Dr. Gurajal:  Yeah, I’d say it’s quite unique. For example in the case of phalloplasty, there are only maybe 30 or so surgeons in the world who are actively doing phalloplasty. Following medical school and residency training which itself can take more that ten years; there’s further training in gender confirming surgery that’s required. And there are very few places to get this ah, training because there at not very many formal programs and again, there are very few people doing it. So, it’s quite difficult to get that training. You really want to make sure that whichever surgeon you go with, that that person is board-certified first of all and that they have indeed received this very specialized training. You know it’s totally okay to ask your surgeon who taught you and you know they’ll actually be probably very proud to say who their mentors were if they indeed have received that training. With gender surgery being such a small field, we are very grateful to the people who taught us. So, we are only too happy to tell you.

Host:  So, what are the other ways they should assess the team and the overall program?

Dr. Gurajal:  I think you want to find first of all, a multidisciplinary team like I mentioned and when it comes to the time of choosing your surgeon, you really want to make sure that that it’s somebody who has had experience in the field. With gender surgery increasing in popularity, there are more and more surgeons doing some of the procedures. But maybe not with the training that we talk about. So, I think experience is very important and the number of cases that your surgeon has done for the procedure you are interested in in particular. And then you know I would say that the second basic thing is that you really, really want to be comfortable with whomever you’re going with. You know make sure that you feel a sense of connection with your surgeon and that they understand you and they see you for who you are and that it just feels right. That’s very, very important that you feel comfortable with your surgeon.

Host:  This is such a unique specialization Dr. Gurajal. What made you want to go into gender confirmation surgery?

Dr. Gurajal:  When you learn plastic surgery, you see that it can do all these amazing things. You know we can reconstruct body parts for cancer. We can close wounds. We can fix things in these incredible ways. You know but getting to that point is not easy. To get there, it will have taken lots of people working on tough problems who are kind of building on each other’s ideas over decades of time. You know that’s how this progress has been made in – in all these areas of surgery. This has happened with things like face transplants and like I said, reconstruction after cancer or trauma. But my feeling is that transgender surgery in particular has not yet had the same kind of benefit you know again, of people innovating and building on their ideas over time.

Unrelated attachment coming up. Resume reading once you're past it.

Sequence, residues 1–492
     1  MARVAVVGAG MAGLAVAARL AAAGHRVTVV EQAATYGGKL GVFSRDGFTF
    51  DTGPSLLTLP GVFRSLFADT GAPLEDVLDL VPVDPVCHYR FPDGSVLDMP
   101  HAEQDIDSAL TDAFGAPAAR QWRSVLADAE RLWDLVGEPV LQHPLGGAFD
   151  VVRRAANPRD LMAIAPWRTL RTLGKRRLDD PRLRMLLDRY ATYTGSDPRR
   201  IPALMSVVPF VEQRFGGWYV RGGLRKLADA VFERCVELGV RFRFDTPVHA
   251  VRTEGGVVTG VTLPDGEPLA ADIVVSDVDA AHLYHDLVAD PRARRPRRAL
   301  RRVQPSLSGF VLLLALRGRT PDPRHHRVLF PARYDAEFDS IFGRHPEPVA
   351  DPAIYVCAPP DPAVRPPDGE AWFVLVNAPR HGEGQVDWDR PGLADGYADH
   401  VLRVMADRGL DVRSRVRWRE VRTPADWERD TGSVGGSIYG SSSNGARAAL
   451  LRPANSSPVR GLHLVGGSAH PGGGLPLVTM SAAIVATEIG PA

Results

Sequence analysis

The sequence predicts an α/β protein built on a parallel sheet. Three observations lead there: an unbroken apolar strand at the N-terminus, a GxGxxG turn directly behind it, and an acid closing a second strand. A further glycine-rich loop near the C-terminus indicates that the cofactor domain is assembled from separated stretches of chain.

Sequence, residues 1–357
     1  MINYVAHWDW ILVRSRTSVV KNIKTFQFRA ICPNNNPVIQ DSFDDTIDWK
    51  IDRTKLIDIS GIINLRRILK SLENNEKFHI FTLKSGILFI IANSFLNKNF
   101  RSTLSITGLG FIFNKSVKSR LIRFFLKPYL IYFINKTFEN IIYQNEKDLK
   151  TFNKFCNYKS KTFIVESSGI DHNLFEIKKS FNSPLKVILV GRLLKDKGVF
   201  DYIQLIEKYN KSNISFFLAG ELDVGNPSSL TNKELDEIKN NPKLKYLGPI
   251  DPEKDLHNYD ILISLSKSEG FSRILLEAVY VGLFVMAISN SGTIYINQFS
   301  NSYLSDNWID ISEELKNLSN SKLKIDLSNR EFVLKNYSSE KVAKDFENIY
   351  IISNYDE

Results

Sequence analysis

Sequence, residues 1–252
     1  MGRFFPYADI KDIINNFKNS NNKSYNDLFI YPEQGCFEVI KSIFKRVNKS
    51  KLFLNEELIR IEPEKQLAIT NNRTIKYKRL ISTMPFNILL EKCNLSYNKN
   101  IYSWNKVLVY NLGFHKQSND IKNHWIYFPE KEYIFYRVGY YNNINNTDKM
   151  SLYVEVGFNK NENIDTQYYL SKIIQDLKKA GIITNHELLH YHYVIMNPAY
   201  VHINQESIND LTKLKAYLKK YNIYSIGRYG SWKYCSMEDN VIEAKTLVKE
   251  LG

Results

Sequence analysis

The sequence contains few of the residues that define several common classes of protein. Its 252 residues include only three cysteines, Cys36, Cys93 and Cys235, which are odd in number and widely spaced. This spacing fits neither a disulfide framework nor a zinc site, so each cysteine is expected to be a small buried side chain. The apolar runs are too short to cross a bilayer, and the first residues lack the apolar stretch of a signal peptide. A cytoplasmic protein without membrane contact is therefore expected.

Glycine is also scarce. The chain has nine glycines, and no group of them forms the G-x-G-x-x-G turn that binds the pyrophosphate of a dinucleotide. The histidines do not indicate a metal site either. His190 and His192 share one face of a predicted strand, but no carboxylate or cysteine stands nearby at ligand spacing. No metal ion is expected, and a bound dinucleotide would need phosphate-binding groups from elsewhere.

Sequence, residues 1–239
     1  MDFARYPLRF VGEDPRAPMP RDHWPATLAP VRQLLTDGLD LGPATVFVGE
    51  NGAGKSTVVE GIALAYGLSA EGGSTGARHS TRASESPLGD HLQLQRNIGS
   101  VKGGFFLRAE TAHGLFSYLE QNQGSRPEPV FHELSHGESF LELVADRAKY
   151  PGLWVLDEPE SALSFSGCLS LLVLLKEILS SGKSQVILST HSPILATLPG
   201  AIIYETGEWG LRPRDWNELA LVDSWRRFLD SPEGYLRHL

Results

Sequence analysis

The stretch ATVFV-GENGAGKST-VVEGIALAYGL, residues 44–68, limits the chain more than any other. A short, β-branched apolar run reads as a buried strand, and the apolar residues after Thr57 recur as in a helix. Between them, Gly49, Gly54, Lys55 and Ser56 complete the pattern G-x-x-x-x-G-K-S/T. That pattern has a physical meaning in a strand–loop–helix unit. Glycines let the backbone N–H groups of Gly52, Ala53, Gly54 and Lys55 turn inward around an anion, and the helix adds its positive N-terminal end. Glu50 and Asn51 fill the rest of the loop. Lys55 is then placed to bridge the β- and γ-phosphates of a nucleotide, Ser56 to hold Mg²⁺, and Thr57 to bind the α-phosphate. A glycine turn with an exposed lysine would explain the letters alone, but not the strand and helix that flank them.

So, my belief is that there’s now a huge opportunity to help the transgender community. We have the chance to use the best thinking we have, the best tools and techniques to really innovate and advance a field for people who are really in need. So, that’s kind of what drives me and my mission in particular, is leading the phalloplasty program at MarinHealth. So, I’m very honored to be working with them to build the phalloplasty program and our transgender more broadly. They are just a tremendous resource and a great facility to be ah working with. And I’m very grateful for that.

Host:  Well Dr. Gurajal, what you do is truly unique and we’re very happy that you are offering this right here in our community. Thank you again. This has really been informative.

Dr. Gurajal:  Thank you so much Bill.

Host:  That’s Dr. Dave Gurajal and for more information, please visit and if you found this podcast helpful, please share it on your social channels. And check out the full podcast library for topics of interest to you. This is the Healing Podcast brought to you by MarinHealth. I’m Bill Klaproth. Thanks for listening.